Loyola University Maryland

Department of History

Dr. Chad Diehl

Chad Diehl

Assistant Professor
410-617-5531
crdiehl@loyola.edu
Office: Humanities 306

Curriculum Vitae

Biography

Chad R. Diehl is Assistant Professor of History and Coordinator for the Asian Studies Minor Program. He received his Ph.D. in East Asian Studies from Columbia University and his B.A. in History from Montana State University. Chad teaches broadly on East Asian history, including courses on memory, modernity, and film in China, Japan, Korea, and Vietnam. His publications include "Envisioning Nagasaki: From 'Atomic Wasteland' to 'International Cultural City,' 1945-1950,Urban History 41, no. 3 (August 2014): 497-516, and And the River Flowed as a Raft of Corpses: The Poetry of Yamaguchi Tsutomu, Survivor of both Hiroshima and Nagasaki (New York: Excogitating Over Coffee Publishing, 2010), which he edited and translated. In addition to issues of war in history and memory, his research interests include the history of subcultures in Japan, especially tattooing, and of twentieth-century Vietnam, especially Japan-Vietnam relations, 1940s-1960s. He is currently completing a book manuscript on the history of Nagasaki, exploring the relationship between reconstruction, religion, and memory politics in the formation of atomic memory in Japan in the years following the atomic bombings of August 1945.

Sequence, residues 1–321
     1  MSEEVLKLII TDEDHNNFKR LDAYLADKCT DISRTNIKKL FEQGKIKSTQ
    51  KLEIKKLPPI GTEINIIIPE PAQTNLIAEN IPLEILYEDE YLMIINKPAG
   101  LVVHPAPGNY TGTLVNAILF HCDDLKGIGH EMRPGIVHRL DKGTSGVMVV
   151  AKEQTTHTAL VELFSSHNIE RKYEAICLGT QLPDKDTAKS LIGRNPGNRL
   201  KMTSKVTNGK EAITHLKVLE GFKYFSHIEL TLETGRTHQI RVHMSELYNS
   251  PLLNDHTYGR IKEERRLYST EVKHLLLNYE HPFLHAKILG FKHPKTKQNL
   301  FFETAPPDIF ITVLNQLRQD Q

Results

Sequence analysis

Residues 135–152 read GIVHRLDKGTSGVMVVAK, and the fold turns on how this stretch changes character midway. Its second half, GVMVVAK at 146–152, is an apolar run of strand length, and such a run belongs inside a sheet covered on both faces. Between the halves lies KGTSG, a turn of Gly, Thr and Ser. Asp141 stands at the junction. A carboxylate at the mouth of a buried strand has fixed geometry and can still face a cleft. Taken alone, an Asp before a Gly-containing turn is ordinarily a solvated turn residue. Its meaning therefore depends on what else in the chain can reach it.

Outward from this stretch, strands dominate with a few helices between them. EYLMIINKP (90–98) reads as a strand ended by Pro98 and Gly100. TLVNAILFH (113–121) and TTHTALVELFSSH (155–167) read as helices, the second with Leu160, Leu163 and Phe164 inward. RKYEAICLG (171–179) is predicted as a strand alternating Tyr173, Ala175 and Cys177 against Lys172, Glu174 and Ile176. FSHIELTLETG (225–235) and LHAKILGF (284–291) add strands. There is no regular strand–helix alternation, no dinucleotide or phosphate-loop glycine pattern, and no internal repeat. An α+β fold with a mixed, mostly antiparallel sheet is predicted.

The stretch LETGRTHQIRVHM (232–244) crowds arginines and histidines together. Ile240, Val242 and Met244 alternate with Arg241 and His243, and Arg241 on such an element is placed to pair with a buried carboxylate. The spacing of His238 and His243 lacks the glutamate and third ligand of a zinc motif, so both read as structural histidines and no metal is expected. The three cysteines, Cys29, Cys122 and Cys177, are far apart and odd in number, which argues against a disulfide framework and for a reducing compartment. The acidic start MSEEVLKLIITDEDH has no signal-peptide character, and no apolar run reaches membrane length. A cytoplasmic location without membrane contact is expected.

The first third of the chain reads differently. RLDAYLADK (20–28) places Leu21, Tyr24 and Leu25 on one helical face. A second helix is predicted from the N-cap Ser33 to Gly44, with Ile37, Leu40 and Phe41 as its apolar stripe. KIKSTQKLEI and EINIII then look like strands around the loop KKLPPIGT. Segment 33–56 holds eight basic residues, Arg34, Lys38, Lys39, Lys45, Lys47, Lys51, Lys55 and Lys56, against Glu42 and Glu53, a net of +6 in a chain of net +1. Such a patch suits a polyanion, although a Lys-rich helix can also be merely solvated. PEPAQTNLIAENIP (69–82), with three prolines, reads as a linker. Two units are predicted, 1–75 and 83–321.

Courses

  • HS 105D The Making of the Modern World: East Asia (indicates "Diversity" course)
  • HS 374 East Asia on Film
  • HS 376D Memories of Nagasaki and Hiroshima
  • HS 377D History of Modern China
  • HS 378D History of Modern Japan
  • HS 400 History Methods
  • HS 444 War and Revolution in East Asia, 1937-1954
  • HS 482D Asian Studies Seminar

Publications

And the River Flowed
And the River Flowed as a Raft of Corpses: The Poetry of Yamaguchi Tsutomu, Survivor of both Hiroshima and Nagasaki
Resurrecting Nagasaki: Reconstruction and the Formation of Atomic Narratives

Areas of Specialization

  • Modern East Asian History
  • Modern and Early Modern Japan
  • Cultural Memory Studies